Combo #12 Harlow Hat

A hat knit in brioche stitch with black stitches set against a rainbow striped background

Brioche is one of those stitches in knitting that you either love or hate, there doesn’t seem to be much of an in-between. It’s squishy and one of the few ways to add vertical stripes, but also takes you double the amount of time to knit one row (because for every one row of normal knitting you need two rows of brioche). There’s also more loops to keep track of and a high level of patience required if you drop a stitch. Still, I find myself reaching for brioche projects when I want a project where I need to pay attention, but not too much attention. Where I want the wearer to be able to reverse the garment depending on their mood and when I want to provide the wearer a little bit of extra warmth.

Direct contrast of the extra warmth tends to be the woven scarves that I make. They breathe more against the skin due to my habit of creating airier fabric in favor of less bulk. So while this Harlow Hat by Andrea Mowry is meant to keep the wearer’s ears a little warmer, the matching scarf is meant to be more of an accent piece.

A hat knit in brioche stitch with rainbow stripes against a black background

I liked knitting Harlow, the hat knit up relatively fast for brioche being knit on a size US 3 and it was the first time in a long time I’ve done brioche decreases. The only modification made while knitting (besides using only one needle size) was skipping the tubular cast on in favor of the long tail cast on. This doesn’t make a huge difference beyond being a little less stretchy and only incorporating the black color.

Curious about what it’s like to knit brioche? I highly recommend giving the Harlow Hat a try! Really, while the final hat is gorgeous, it was so much fun to make that I was a little bummed when it came to bind off. Andrea Mowry added details to the pattern that outline what to do and she’s created video tutorials to help get you started.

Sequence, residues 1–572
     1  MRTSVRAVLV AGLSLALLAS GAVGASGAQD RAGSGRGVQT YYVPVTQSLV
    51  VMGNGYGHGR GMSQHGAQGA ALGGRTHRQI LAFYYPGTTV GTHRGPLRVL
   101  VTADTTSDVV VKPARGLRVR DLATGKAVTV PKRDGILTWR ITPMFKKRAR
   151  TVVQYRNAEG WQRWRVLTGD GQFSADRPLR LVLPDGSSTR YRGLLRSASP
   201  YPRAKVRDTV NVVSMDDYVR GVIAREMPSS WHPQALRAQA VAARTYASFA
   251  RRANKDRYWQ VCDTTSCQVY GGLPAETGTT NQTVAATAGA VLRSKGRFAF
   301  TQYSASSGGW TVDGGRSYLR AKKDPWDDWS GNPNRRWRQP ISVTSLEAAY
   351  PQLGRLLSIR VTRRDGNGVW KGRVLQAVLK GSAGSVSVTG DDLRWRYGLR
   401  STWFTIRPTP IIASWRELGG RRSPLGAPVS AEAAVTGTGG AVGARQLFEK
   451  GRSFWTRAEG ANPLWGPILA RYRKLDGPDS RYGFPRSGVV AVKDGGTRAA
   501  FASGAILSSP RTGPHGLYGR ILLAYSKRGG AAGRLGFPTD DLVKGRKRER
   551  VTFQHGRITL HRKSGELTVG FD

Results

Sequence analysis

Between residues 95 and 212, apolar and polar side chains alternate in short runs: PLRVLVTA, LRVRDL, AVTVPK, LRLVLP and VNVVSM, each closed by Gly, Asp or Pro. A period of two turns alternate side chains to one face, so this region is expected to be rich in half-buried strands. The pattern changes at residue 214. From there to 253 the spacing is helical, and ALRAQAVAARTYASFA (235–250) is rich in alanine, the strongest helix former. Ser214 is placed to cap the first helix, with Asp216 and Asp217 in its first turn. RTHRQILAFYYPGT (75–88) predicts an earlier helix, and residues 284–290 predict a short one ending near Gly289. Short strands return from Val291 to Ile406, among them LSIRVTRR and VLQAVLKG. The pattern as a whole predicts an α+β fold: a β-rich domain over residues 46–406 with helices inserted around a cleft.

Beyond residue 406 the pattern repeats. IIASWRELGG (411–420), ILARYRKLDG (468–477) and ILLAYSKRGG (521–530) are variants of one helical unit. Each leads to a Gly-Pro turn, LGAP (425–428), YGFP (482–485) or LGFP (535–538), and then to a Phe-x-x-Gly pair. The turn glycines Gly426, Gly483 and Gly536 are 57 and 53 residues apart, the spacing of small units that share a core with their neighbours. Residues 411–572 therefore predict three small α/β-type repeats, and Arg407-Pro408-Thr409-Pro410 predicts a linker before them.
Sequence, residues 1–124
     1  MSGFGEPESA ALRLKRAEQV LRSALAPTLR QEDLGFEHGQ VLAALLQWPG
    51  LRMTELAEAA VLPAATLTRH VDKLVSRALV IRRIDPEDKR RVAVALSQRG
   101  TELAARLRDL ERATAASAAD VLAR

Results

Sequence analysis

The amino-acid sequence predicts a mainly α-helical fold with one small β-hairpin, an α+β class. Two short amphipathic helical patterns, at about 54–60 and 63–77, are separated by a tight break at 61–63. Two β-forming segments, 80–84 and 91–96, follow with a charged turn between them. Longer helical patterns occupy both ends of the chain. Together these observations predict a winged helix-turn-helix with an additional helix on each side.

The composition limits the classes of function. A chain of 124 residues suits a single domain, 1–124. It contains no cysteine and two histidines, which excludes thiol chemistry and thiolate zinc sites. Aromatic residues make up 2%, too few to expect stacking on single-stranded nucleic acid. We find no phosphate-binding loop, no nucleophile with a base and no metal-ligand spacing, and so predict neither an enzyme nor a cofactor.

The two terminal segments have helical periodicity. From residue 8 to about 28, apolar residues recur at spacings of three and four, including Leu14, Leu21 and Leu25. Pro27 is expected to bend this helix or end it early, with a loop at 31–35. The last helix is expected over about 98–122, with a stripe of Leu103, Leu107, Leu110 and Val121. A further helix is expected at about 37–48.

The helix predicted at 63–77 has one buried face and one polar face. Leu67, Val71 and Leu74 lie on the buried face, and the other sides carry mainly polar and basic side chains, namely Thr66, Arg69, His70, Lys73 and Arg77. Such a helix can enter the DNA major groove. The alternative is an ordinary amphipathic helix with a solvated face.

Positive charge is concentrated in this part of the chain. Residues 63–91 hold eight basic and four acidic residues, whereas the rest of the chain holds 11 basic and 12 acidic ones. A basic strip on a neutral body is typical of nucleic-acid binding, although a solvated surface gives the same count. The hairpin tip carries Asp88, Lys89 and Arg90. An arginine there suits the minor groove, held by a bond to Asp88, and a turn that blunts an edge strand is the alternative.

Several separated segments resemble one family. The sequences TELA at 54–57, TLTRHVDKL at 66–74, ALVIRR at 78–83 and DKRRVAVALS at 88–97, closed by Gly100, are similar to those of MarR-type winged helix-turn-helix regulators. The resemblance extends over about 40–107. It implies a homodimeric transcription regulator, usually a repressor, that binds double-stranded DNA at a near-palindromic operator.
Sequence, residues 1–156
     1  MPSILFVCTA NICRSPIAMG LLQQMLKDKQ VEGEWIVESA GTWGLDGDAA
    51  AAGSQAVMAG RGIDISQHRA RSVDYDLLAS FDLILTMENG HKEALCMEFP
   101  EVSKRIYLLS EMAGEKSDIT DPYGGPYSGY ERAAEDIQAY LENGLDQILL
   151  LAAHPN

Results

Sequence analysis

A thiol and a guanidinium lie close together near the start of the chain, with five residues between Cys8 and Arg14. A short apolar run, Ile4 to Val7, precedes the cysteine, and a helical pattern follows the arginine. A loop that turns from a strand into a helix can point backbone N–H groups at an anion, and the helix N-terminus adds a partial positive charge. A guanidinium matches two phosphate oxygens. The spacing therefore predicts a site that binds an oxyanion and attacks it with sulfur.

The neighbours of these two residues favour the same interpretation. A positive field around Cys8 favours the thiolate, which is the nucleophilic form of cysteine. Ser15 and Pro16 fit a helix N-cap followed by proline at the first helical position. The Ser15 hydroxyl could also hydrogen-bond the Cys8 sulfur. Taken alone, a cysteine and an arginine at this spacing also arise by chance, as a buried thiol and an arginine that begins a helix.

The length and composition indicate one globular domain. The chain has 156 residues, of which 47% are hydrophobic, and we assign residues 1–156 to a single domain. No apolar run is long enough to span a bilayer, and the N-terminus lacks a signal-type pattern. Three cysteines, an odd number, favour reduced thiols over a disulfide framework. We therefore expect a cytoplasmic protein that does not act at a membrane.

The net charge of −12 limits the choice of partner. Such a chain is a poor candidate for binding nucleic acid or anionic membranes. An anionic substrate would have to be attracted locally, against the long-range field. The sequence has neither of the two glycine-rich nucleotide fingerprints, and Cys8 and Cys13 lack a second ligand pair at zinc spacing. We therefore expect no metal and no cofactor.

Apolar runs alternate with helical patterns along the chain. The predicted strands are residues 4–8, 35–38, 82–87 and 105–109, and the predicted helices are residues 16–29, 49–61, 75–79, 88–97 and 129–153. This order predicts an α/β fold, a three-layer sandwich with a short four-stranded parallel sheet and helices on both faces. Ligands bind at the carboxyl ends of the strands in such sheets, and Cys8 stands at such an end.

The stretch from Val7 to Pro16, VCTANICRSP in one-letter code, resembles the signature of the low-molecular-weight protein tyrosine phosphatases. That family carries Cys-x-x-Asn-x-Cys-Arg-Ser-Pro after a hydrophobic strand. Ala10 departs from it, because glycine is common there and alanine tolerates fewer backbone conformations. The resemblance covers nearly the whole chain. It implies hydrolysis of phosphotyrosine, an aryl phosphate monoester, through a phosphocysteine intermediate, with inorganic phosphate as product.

A hat scarf set from one package of Wonderland Yarn’s Combo kits? With a plethora of colors to choose from? I probably do need to decide if everyone is getting a set for the holidays this year, or at least start planning my holiday crafting. Does December sneak up on anyone else?

Easy Throw Pillows

Though out the past year, my husband and I have been working hard to make our house feel like a home. This translates into hours of wallpaper pulling and plaster repair, as well as painting, flooring and general house up keep. We have started filling rooms with plants and our photo, as well as thought carefully about how to make the best use out of every room.

One thing that has come of this is the slow creation of built in furniture (he made me a countertop bar for crafting and other activities) and upcycling thrifted finds to add personal touches. My most recent project was to create throw pillows for a guest room we converted into a quiet room, they add a beautiful pop of color and allowed me to practice working with invisible zippers (spoiler alert: I still suck at them).

Multi colored striped throw pillow

Supplies to make ONE pillow:

  • 22×22 Pillow insert
  • 20in invisible zipper
  • 1/2 yard of of fabric or 2 fat quarters
  • Sewing machine (recommended)

Instructions:

  1. Cut the fabric into 2 20×20 squares
  2. Attach the invisible zipper to both pieces of fabric, leave the zipper slightly unzipped
  3. Sew the remaining three sides right sides together
  4. Turn the pillow case inside out
  5. Stuff the pillow case with the pillow insert
  6. Enjoy!

August Book Club: Sourdough

Cover art for Sourdough by Robin Sloan

This book was so fun and there were several points in the story that I had to remind myself that it’s a fictional story and not a biography (like when the starter took over everything). Lois is a relatable character, taking a job because she is good at it and then working hard because that’s the culture in addition to her nature. Her feelings of burnout were real, right down to the idea that eating a special diet would solve all her problems.

While reading Sourdough, I was left with feelings of yes that’s true (we totally are the children of Hogwarts) and awe at the amount of work that went into feeding the starter (like plants, you have to pay attention to its needs). What I wasn’t left with was a lot to say when the story was over. Would I recommend this book to a friend? Absolutely, it was an enjoyable read. Is it a book that has inspired a lot of discussion beyond the initial “you should read this”? Not really, it’s about a girl trying to find herself and discovering that she can along the way.